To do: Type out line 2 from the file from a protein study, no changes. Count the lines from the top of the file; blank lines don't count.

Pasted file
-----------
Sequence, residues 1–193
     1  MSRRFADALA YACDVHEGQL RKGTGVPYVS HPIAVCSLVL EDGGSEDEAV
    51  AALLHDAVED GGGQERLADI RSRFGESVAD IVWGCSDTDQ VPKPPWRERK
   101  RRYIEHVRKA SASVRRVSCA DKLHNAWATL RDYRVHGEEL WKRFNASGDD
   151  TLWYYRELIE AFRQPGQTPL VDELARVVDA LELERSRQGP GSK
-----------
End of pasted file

     1  MSRRFADALA YACDVHEGQL RKGTGVPYVS HPIAVCSLVL EDGGSEDEAV